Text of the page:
As part of its policy to cut plastic pollution, the Prince’s Government has decided to introduce a ban on plastic drinking straws and drinks stirrers with effect from 1 January 2019. Consumers are invited to use bamboo or metal substitutes instead.
Efforts to reduce the use of plastic began in 2016 with a ban on single-use plastic shopping bags. Environmentally-friendly bags are required to contain a certain proportion of organically sourced materials, which will rise gradually to a level of 60% by 2025.
Marie-Pierre GRAMAGLIA, Minister of Public Works, the Environment and Urban Development, said: “reducing plastic waste is key to cutting greenhouse gas emissions, as it accounts for around 11% of the total weight and 80% of the greenhouse gases emitted by waste incineration”. The Minister added that “plastic is also responsible for 75% of pollution in the seas and oceans, in the form of micro-particles that are harmful to biodiversity. It truly is key to preserving marine biodiversity”.
In 2014, the Ministry of the Environment launched a “Responsible Trading” scheme to encourage manufacturers, traders and consumers in the Principality to adopt ecologically responsible practices. Some 67 traders across Monaco have already been awarded the “Responsible Trading” label.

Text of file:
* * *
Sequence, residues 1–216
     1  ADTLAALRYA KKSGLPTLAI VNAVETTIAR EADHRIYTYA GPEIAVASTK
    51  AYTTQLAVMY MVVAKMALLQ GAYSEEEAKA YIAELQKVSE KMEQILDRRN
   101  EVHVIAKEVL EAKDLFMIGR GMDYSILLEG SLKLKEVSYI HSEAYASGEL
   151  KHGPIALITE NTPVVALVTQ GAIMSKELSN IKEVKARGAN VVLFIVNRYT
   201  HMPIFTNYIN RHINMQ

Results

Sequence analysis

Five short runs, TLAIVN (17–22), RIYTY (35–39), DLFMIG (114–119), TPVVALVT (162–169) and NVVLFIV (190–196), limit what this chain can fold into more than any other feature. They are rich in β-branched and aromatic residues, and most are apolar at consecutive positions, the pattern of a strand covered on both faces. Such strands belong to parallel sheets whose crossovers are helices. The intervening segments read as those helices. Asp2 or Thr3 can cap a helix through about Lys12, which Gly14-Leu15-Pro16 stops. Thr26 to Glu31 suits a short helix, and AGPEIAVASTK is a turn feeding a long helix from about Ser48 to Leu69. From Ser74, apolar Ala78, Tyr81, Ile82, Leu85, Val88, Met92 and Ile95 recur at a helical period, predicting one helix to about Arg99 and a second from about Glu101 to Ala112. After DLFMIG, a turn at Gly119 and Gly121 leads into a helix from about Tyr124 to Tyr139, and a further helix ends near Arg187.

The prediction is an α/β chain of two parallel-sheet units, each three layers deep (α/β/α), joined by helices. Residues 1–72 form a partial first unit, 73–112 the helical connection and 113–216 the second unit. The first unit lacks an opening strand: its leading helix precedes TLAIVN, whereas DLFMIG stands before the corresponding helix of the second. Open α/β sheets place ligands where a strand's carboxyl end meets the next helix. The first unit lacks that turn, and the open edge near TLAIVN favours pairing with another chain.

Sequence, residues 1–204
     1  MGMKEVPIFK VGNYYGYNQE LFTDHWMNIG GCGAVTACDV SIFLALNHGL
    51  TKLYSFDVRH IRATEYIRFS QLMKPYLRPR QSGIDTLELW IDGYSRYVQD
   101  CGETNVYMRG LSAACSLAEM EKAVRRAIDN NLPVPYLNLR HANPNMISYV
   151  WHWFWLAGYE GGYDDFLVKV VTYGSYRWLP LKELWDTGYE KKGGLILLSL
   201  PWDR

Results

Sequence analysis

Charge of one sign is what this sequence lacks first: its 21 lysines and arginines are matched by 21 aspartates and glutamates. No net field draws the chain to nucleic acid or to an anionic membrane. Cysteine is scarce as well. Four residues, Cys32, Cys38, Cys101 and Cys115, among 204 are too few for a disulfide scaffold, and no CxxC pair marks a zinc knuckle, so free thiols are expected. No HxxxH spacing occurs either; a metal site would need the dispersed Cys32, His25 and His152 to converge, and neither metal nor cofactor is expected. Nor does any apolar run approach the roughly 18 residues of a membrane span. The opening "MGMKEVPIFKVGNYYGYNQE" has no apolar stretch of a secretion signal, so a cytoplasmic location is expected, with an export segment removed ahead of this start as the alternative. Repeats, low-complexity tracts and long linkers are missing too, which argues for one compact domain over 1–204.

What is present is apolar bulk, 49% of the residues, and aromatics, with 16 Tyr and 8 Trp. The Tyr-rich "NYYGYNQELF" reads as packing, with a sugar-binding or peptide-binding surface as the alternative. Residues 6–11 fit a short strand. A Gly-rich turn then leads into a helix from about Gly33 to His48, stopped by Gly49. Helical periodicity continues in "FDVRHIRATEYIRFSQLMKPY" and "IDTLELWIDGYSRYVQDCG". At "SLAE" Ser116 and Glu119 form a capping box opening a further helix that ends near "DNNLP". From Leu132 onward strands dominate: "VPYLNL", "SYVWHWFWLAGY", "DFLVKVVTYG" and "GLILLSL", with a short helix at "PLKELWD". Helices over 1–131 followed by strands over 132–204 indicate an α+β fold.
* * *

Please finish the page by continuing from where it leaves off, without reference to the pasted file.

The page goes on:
In 2019, the Ministry of the Environment will launch the “Responsible Restaurant” scheme. The initiative is aimed specifically at restaurants and take-away food outlets, who will be given assistance to eliminate single-use plastic packaging and utensils.
Valérie DAVENET, Director of the Department of the Environment, emphasised that “this free and personalised support is offered to any establishments that ask for it. The label highlights the best practices to which many restaurateurs in the Principality of Monaco are already committed. Reducing plastic waste and combating food waste are key to this initiative”.
The plastic ban will be extended to cotton buds, plates, cups and cutlery on 1 January 2020.
For more information: firstname.lastname@example.org